I think you'll find that severe mitochondrial disorders causing profound neurological damage have a very poor outlook wherever you are in the world, irrespective of the availability of experimental unproven treatments.

But I'm sure you knew that and were looking for a bit of mud.

If you want to denigrate the NHS there are plenty of other systems that arguably run better. French, German and various Scandinavian systems compare extremely favourably. They're all socialized of course.

I have heard some intelligent Republican arguments against state interference in healthcare, but I don't think you've hit on any yet. And pretending that the healthcare outcomes are better in the US is definitely not one of them.




Posted by Golden Key (# 1468) on 30 June, 2017 12:25 AM :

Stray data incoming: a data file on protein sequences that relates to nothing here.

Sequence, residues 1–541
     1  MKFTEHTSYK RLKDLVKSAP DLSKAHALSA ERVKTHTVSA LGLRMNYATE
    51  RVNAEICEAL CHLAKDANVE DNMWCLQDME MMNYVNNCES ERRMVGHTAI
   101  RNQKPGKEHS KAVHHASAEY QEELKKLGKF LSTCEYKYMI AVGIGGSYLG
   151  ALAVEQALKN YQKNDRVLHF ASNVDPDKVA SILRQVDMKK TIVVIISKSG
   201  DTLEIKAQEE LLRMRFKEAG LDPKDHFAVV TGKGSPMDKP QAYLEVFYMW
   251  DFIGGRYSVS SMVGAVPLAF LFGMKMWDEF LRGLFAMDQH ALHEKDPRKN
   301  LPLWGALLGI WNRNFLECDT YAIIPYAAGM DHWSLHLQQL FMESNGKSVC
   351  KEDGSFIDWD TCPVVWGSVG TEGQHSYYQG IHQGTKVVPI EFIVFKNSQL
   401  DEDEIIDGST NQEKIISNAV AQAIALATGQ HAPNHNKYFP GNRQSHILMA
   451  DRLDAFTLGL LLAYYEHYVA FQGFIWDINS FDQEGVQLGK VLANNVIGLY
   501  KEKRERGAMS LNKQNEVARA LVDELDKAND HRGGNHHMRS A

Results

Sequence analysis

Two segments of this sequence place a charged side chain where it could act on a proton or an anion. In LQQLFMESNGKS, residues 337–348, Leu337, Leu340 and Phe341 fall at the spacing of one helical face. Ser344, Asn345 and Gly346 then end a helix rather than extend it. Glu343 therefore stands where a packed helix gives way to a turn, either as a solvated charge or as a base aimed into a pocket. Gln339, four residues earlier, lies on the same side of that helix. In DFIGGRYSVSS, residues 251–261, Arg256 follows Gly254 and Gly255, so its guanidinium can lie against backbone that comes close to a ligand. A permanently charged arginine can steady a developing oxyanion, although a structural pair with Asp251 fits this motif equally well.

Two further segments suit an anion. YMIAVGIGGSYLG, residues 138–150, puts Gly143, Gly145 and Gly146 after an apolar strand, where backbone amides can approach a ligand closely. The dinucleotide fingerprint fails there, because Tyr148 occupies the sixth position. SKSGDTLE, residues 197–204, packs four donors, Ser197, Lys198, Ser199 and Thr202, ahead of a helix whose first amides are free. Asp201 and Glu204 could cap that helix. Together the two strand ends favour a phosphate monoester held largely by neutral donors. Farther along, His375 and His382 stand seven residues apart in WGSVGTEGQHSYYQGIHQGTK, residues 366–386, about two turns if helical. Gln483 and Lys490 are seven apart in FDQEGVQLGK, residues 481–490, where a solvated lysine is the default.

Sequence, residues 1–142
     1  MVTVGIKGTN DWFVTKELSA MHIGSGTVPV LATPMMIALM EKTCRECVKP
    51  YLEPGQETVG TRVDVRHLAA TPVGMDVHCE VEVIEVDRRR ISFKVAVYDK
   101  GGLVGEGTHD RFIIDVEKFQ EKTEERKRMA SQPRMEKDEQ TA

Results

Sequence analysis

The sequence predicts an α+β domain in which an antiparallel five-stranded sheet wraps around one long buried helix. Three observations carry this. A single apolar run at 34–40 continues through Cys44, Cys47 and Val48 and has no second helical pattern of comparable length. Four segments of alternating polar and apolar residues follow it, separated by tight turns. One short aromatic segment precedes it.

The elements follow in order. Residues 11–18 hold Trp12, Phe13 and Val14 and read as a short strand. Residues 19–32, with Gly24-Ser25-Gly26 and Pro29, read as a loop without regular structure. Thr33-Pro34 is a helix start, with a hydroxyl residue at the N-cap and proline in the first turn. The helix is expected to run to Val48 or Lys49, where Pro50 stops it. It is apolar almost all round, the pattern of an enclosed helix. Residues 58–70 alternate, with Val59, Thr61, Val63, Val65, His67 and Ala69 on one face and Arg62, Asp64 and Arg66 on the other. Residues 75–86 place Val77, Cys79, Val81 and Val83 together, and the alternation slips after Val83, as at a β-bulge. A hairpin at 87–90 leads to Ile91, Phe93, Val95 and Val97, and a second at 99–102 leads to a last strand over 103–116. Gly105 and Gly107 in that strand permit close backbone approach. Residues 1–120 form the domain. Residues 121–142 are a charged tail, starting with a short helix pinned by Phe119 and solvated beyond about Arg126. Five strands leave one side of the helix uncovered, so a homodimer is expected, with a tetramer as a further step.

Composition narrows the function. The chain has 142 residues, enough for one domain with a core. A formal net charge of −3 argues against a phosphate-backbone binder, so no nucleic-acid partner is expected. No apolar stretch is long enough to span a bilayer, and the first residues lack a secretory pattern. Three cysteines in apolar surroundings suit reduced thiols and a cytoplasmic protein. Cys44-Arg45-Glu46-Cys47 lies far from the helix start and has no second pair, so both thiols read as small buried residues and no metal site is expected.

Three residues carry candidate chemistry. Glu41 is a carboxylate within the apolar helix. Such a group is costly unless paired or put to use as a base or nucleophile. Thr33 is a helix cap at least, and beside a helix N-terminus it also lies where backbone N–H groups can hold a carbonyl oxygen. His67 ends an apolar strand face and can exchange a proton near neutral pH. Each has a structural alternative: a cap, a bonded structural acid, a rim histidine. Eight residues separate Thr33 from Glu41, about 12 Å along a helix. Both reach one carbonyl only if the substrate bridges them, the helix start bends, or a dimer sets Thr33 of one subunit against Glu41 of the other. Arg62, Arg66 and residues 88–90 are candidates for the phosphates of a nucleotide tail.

Barnabas--

[Votive] for Charlie, family, and all affecting his care.

I have no idea what the right decision would be in this case. But experimental and "one in a million" treatments do sometimes help, if only to give a little more time, and people fight to get them. Why shouldn't Charlie's parents fight for him?

Note: I hadn't heard of this until romanlion mentioned it. I did a quick search, and just skimmed through the results page. (Looked too painful to go further.) But I gather C is on life support, and there's been a big fight about either the EU taking him off life support, or his parents taking him to the US for special treatment.


Posted by mdijon (# 8520) on 30 June, 2017 12:29 AM :


quote:Originally posted by Golden Key:
But experimental and "one in a million" treatments do sometimes help, if only to give a little more time, and people fight to get them. Why shouldn't Charlie's parents fight for him?

It would be worth another thread to do this properly if people are interested, but a summary my concern with the experimental and one-in-a-million approach is that a) one can't justify substantial human suffering on that basis b) the expense isn't sustainable anywhere in the world and c) if we do that we'll never find out which treatments actually work and it's the end of rational medicine.